U.S. President George Bush says the victims of Hurricane Katrina have not
been forgotten, and the American Gulf Coast is coming back after one of the
worst natural disasters in the nation's history. VOA's Paula Wolfson reports Mr.
Bush spoke on his 17th trip to the region since the storm hit almost three years
The president says the region is rebounding from
the devastation caused by Hurricane Katrina.
"Who would have thought that
three years after the storm the president can come here and say New Orleans,
Louisiana is on its way back as a stronger and better city," he said.
says the restoration process may not be totally complete, but New Orleans - and
the rest of the Gulf Coast - is on the right path.
"There are people
hurting," said Mr. Bush. "I fully understand that. People are waiting to get
back in their homes wondering whether a brighter day is possible. Yet, a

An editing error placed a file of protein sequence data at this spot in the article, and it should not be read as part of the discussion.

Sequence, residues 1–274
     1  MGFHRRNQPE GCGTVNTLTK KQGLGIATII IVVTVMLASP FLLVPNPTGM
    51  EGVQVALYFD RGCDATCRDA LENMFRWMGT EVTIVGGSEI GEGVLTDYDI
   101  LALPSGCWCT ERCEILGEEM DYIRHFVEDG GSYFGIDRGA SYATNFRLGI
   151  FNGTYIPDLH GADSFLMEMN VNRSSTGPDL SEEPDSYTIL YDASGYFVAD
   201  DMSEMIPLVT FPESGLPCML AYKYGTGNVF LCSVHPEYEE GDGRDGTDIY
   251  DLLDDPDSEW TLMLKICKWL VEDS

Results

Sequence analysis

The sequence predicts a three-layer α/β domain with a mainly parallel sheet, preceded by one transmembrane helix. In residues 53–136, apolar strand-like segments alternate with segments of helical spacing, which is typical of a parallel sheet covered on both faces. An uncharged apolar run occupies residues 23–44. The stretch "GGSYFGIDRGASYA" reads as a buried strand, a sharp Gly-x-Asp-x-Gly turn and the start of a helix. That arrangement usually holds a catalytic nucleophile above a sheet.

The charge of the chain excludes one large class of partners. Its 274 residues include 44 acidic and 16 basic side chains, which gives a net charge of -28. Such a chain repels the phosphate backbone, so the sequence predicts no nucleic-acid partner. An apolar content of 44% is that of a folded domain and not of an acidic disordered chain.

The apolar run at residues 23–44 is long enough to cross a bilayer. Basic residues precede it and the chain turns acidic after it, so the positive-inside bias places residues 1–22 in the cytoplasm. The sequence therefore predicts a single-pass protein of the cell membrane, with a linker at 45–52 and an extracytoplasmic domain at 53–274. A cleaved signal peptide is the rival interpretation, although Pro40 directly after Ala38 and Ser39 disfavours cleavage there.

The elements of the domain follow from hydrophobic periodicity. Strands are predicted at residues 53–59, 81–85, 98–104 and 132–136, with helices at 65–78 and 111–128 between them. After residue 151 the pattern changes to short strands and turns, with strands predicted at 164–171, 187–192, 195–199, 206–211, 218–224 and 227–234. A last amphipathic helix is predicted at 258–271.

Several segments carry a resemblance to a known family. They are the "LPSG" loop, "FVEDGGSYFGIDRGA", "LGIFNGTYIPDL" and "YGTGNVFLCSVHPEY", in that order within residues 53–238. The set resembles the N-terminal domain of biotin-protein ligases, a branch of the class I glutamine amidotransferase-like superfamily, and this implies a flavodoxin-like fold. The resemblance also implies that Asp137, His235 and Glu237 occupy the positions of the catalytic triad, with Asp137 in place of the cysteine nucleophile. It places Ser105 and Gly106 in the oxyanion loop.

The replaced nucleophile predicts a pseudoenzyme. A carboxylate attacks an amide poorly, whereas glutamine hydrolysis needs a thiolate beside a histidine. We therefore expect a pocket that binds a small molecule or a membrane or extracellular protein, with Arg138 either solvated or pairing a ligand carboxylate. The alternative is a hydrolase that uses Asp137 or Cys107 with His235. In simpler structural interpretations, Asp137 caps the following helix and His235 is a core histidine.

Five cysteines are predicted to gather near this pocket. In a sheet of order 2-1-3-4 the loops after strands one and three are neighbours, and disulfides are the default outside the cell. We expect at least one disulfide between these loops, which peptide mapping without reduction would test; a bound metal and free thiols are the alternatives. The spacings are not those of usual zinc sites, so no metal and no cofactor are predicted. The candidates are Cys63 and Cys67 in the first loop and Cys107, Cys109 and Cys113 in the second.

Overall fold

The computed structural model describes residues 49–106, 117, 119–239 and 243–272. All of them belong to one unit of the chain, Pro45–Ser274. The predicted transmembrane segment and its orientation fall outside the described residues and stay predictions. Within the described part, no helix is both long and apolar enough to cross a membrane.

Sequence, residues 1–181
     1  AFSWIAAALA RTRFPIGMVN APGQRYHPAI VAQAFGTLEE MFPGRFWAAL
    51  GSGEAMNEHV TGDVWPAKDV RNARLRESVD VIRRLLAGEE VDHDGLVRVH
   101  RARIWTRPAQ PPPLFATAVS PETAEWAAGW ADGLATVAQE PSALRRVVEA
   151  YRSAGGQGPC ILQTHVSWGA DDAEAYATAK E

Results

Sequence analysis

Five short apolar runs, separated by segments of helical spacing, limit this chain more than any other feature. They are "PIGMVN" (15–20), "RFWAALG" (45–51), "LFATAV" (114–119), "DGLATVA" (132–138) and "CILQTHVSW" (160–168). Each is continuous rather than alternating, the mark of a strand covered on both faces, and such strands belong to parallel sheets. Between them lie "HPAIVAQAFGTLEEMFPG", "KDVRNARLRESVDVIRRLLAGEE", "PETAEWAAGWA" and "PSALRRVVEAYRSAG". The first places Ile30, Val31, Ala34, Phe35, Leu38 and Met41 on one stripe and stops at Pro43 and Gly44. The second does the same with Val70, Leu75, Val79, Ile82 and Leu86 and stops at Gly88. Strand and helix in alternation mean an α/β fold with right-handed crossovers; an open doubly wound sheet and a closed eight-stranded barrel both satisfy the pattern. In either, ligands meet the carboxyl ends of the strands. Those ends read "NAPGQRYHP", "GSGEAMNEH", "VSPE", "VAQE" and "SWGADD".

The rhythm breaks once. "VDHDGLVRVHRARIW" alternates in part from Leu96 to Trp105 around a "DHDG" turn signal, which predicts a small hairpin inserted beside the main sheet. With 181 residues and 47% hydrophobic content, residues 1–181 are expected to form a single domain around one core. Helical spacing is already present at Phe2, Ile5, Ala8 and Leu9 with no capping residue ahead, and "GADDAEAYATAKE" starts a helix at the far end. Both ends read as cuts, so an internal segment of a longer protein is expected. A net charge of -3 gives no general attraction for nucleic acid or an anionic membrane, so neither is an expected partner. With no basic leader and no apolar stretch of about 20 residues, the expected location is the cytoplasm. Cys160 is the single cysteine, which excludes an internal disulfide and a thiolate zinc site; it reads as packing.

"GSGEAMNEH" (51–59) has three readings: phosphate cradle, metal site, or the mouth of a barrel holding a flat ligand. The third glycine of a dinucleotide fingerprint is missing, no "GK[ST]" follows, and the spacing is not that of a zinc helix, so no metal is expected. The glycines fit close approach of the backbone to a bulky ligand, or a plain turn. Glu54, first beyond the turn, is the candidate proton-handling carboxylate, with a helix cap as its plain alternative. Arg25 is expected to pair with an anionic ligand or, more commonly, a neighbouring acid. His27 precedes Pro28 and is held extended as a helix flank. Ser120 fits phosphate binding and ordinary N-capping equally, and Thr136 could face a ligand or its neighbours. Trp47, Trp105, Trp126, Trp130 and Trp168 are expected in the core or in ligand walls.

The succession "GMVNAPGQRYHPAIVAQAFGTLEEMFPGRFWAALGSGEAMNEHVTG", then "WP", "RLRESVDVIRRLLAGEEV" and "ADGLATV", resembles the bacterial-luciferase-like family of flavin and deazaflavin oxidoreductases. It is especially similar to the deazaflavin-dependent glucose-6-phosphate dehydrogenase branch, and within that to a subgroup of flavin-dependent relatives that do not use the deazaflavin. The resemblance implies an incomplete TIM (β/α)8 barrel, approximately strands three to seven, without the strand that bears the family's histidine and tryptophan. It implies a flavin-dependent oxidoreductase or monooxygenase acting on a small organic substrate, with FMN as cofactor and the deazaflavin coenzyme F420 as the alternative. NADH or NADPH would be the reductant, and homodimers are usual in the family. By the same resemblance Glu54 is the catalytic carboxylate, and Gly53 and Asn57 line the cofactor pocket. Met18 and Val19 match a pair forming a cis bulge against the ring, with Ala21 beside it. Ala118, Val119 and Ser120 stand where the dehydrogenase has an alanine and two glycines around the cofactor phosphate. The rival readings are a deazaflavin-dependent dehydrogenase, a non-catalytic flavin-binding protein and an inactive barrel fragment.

brighter day is coming."
Speaking at a local military compound in New
Orleans that has become a center for hurricane relief efforts, the president
noted that people are coming back to the region, schools are reopening and homes
are being restored. He also pointed to efforts to restore the levees that broke
during Hurricane Katrina - flooding most of New Orleans and the surrounding
"The Army Corps of Engineers has repaired 220 miles of levees," he
said. "That is important. You cannot rebuild these communities unless you are
confident the levee system will work in the future."
administration came under intense criticism for its initial reaction to the
Since then, the federal government has allocated $126 billion to
help the region recover from Hurricane Katrina, along with $14 billion in tax
relief for local businesses.
But critics continue to say the Bush
administration has provided too little, too late. The international aid
organization OXFAM, for example, says most of the progress in the Gulf Coast has
come at the hands of its residents who have had to surmount obstacles placed in
their way by Washington.